From Enoch Emery in Wise Blood to Miles and Flora in Henry James’s Turn of the Screw, young people in fiction are often privileged interpreters of reality. Maybe it’s the absence of an ideology—their decidedly direct, if not always innocent, take on things. Kids might not always see things clearly, but they do say clearly what it is they think they see. The childlike Enoch sees a mummy and declares it “the new Jesus.” Oskar in Günter Grass’s The Tin Drum provides us with an unforgettable view of Nazism through the eyes of an eternal three-year-old. Henry James’s Miles and Flora either see evil or are evil, and Lewis Carroll’s Alice guides us through the art of seeing in a looking glass, revealing that happiness may just mean accepting the odd as if it were the everyday.
Nigerian Jesuit Uwem Akpan’s first collection of stories, Say You’re One of Them, is a moving and chilling addition to the literary treasure-trove of children’s perceptions. In the opening story, “An Ex-Mas Feast,” a twelve-year-old Kenyan girl named Maisha prostitutes herself to pay her younger brother Jigama’s school fees. The family’s desperate circumstances are seen through Jigama’s eyes. “Fattening for Gabon” is narrated by another young boy, ten-year-old Kotchikpa, on whom it slowly dawns that the new wealth of his uncle and the attention he and his sister are getting from their new “godparents” will not lead to the wonderful future they anticipate. The shortest piece, “What Language Is That?” looks very simply at the impact on two Ethiopian children, one Christian and one Muslim, of the ethnic and religious conflicts of their parents’ generation. In “Luxurious Hearses” we are transported to another scene of Christian-Muslim strife, this time in Nigeria, the author’s birthplace. A young Muslim, Jubril, must hide his religious identity from the very colorful busload of Christian refugees with whom he is traveling. In the final and most harrowing of the five stories, nine-year-old Monique, a child of mixed Tutsi-Hutu blood in the midst of the Rwandan genocide, looks on uncomprehendingly as ethnic hatred and pure blood-lust destroy her family.
More shocking than the horrific circumstances in these stories are the images of children trying to negotiate some kind of normality. A brother and sister play and laugh in the streets of Nairobi, but the girl is a prostitute waiting for a client. Locked in a dark room, waiting to be sold, two children dissolve in giggles as they tickle one another. A Rwandan baby plays in blood as if it were mud. Of course, there is horror in what adults do to one another out of fear and hatred, but what their choices do to children is the main theme of Akpan’s stories. The children at the center of these tales are nearly all nine or ten years old—old enough to see, but still too innocent to comprehend.
Akpan has said that growing up in Nigeria, in a culture that prized storytelling, helped him develop his impressive narrative skills. He has a particular talent for capturing genuine interactions between people, and the pidgin English his characters often speak is rendered with clarity without becoming an obstacle to the reader. One can imagine his talent lending itself to social comedy with great success. Even these stories, with their grim subject matter, contain moments of humor—the comical banter among the refugees in “Luxurious Hearses” is particularly accomplished.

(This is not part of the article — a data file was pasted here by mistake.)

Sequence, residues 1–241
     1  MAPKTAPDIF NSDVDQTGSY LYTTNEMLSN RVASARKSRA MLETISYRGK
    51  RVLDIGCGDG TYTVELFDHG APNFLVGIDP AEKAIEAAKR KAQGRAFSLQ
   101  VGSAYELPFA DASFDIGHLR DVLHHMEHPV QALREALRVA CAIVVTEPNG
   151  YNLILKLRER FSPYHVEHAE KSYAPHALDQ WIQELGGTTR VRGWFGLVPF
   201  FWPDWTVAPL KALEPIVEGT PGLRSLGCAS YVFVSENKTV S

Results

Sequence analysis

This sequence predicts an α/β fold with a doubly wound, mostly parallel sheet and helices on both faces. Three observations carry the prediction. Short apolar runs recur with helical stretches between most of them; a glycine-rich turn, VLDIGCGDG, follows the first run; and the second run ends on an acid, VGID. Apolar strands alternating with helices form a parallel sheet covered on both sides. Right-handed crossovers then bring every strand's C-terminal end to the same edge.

Akpan, who has published two of his stories in The New Yorker, honed his craft while in formation as a Jesuit. He has said he learned patience and fortitude from the years he spent working on an unreliable “community computer” in the seminary. Otherwise, the influence of Akpan’s Jesuit identity on his fiction writing is not easy to discern. Religious and ethnic rivalries are present in all the tales, but the only overt religious symbol is the fluorescent crucifix featured in “My Parents’ Bedroom,” which functions more as a reminder of a life lost than as a devotional object. In “Luxurious Hearses,” Jubril comes to realize that the fundamentalist Muslims who disfigured him are hardly better or worse than the hate-filled Christians with whom he is sharing the bus. Theology, church, and sacraments are occluded by the grip that evil has on people and places in turmoil. But perhaps Christ is present in the compassion with which the children are depicted. Akpan’s steady resistance to passing judgment is a kind of testimony to unconditional love.
There are moments of grace, mostly in the love and care the children have for one another, but also in the occasional act of kindness or courage by an adult. However, there is no resolution and no clarity about either providence or salvation. “Finding God in all things,” that most Jesuit of practices, is under severe stress here. Death and despair are present in all the stories, and if evil is not allowed to have the last word, it is also never clear that evil will be overcome. Theodicy gives way to the hopelessness of the characters’ situations.
But the children remain the focus, and Akpan leaves them with limited but real possibilities for hope. It is possible that Maisha will find a way back to a normal child’s life, retiring from prostitution to go to school, though such a path seems unlikely. Perhaps Kotchikpa and his little sister will escape the hunters—and maybe Monique and her baby brother will survive genocide, even though their mixed race makes them potential targets for both Hutu and Tutsi. Hope for the future, however tenuous, is founded in the resilience of children, who will always try to make a life out of the broken shards of adults’ dreams. In Akpan’s stories, it’s possible that the simple wish to be normal could prove an occasion of grace and a source of infinite possibility.
Related: Paul Lauritzen interviews Uwem Akpan in a Commonweal podcast